When we finished our food, we found seats near our gate and hunkered down with a book (Upside-Down Magic; the Disney movie is very meh, but the books are great), which I had to shout-read so that she could hear me through my mask and over the din of the obscenely crowded terminal. I made us go to the bathroom probably three times before boarding the plane and each time I marveled at the freedom that comes with having a child who is old enough to go into a stall by themselves (though I did have to commandeer the Ramen pillow so she didn’t drop it on the bathroom floor).
On the plane, I tried to get my daughter to lay down on my lap and go to sleep–it was already 9:45 PM, almost two hours past her bedtime!–but was too wired with excitement. Giving into the adventure, I let her get a 7 Up from the drink cart; baby’s first soda. She slurped it down, drew pictures on the magna doodle her dad got her for the plane, and devoured an entire chapter book (Daisy Dreamer). About two hours into the flight, she became so tremendously exhausted that she consented to putting her head down in my lap. I unbuckled her seat belt, spread a shawl over her like a blanket, and bent down to whisper into her ear that she could take her mask off while she slept. “No, I can’t mama, it’s not allowed.” “I know, but I don’t mind.” When I pulled her mask off, I saw that her ears were rubbed raw and starting to split open. I saw that she had a sore on her chin. We were tucked into the window and middle seats in the very last row and the lights were dim. Her hair and my shawl covered most of her face. I felt no impulse to rationalize my choices, either as a passenger or a parent.
We landed close to midnight, though it felt two hours later coming from Chicago. We grabbed our bags and made our way to passenger pickup and waited for my mom to pull up in an unfamiliar car. I watched while she parked and climbed out to open the trunk. When I pointed her out, my daughter dropped her bags and sprinted. Almost like it wasn’t the middle of the night. Almost like she wasn’t more tired than she’s ever been. Exactly like she’d been waiting eighteen months to fall into her grandma’s arms.
It took us another hour to get to my parents’ house, where everybody was still awake, and another hour after that to properly greet all of the people and dogs. We didn’t get to bed until 2:30 AM, 4:30 central. The trip was every bit as long as I’d dreaded but we spent not one minute of it in misery. Traveling with kids, it turns out, is a lot like raising them: not at all easy, but remarkably satisfying and surprisingly fun.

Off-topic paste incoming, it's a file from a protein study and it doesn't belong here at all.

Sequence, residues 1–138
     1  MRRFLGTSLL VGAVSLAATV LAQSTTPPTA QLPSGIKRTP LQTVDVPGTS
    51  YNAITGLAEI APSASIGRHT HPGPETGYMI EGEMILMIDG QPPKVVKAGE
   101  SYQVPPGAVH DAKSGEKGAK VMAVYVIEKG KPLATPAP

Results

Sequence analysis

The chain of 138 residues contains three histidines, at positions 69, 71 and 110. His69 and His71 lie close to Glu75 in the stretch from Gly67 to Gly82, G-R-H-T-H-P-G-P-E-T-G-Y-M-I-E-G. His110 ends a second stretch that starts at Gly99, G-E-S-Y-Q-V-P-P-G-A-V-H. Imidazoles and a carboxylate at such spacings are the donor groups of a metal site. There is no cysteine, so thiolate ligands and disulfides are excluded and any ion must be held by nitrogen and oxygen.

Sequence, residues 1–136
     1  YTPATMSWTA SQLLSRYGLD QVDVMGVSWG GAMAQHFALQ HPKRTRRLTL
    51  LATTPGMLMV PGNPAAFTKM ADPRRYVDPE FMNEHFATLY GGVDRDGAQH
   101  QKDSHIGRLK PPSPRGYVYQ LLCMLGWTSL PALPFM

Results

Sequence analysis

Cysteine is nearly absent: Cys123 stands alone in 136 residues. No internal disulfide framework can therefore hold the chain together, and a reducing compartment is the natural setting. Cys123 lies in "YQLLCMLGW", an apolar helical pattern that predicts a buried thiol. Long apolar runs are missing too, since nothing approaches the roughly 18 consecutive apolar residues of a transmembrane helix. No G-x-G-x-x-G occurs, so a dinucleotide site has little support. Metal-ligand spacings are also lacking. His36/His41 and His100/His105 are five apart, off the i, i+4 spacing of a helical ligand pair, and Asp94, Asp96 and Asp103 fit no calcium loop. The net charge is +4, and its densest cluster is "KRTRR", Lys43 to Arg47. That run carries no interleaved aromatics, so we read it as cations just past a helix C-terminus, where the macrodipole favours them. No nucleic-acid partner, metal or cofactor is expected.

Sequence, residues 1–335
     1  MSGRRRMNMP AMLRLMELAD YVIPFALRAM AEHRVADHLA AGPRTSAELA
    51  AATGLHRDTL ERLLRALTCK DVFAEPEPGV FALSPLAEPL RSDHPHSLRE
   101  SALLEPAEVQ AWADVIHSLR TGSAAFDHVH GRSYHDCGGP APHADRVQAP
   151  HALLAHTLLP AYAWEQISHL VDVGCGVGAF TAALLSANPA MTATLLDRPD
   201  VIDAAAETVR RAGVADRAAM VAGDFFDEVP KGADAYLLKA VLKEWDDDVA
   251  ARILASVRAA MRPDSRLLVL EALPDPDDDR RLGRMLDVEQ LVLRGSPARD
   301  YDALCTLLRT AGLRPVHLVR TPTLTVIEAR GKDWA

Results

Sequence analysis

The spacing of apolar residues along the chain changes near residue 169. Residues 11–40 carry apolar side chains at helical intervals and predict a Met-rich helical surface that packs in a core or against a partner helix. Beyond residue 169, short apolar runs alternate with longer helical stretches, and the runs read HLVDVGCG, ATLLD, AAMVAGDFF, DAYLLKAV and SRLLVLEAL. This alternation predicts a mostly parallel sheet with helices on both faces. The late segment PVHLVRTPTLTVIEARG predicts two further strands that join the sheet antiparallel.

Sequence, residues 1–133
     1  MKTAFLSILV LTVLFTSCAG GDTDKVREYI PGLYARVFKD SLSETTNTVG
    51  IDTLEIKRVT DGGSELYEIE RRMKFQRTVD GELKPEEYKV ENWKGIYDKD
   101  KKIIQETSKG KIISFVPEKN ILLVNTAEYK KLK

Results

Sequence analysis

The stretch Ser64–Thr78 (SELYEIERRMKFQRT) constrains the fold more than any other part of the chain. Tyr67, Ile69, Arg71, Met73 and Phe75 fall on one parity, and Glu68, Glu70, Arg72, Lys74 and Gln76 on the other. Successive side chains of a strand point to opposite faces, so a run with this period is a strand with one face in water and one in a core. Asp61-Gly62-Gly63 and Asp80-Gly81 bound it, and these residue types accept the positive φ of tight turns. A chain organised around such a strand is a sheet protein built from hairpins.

Eight days later, we were on our way back to the Phoenix airport in my mom’s car. What were you expecting? To hear about the parts of the trip between airport visits? Sorry, this is not that kind of travelogue. My daughter begged to stay from the backseat while I snapped pictures of the desert. When we got to the airport, she started crying. She cried as she hugged my mom goodbye. She cried as she donned a fresh mash. She cried dragging her rolly suitcase through the airport. She cried while I checked us in. She cried clutching her crunchy ramen pillow. She cried pressing buttons on bleeping tamagotchi. Thank god the tears cleared up before we made it to security and raised any red flags with TSA. The food situation at the Phoenix airport was a million times better than at Midway. I made a beeline for Cartel Coffee Lab and stocked up on beans and merch. Next door we found tacos, which we ate on the floor while watching baby animal videos from my dad. The flight back was easier too. There was an extra seat in our row, so I gave my daughter the window again and took the aisle for myself. She buckled herself in and flipped through the safety literature until the plane started moving and then glued herself to the view during takeoff. She stayed that way long after the Phoenix lights faded to black, and when I leaned in to see what she was seeing I realized she was sobbing quietly. When the lights went off in the cabin, she didn’t even feign interest in staying up for the whole flight. Instead she curled her legs up on the seat, put her head in my lap, and went to sleep.
The real shit show started when we got back to Chicago. First we rolled around on the tarmac for a while. Then we stopped twenty feet out from the jetway and just…sat there. Then when the plane finally docked, the door got stuck. We sat some more. Then the flight attendants told us that the door to the cargo hold was stuck, so our bags might be delayed. Then when we were off the plane and waiting for our bags, an announcement came over the loudspeaker that Midway had been in a state of emergency–apparently of it’s own making–all day, and our bags wouldn’t be out for at least another hour. By this point, I’d been camped out on the floor with my kid for an hour reading one of those obnoxious My Weird School books. I should have been irritated. I should have been at my wit’s end, on my last nerve, snipping and snapping or at least zoning out on my phone. Instead, I was getting really into the book, doing voices and laughing out loud at all the jokes and entertaining every one of my daughter’s questions. Almost like it wasn’t the middle of the night. Almost like I wasn’t exhausted. Exactly like there was nowhere else I’d rather be.
Traveling is only tough for those of us who can’t handle it when the chicken place is closed or the bags are late, which is to say, traveling is only tough for people who’ve grown accustomed to controlling their environment and having what they want when they want it. If anybody else had been on that trip, I probably would have dumped all my frustration and exhaustion onto them, or I would have had to catch their heat. But my daughter just wanted to hang out. That’s all she ever wants, really, and at the airport I had nothing at all to do but enjoy her company.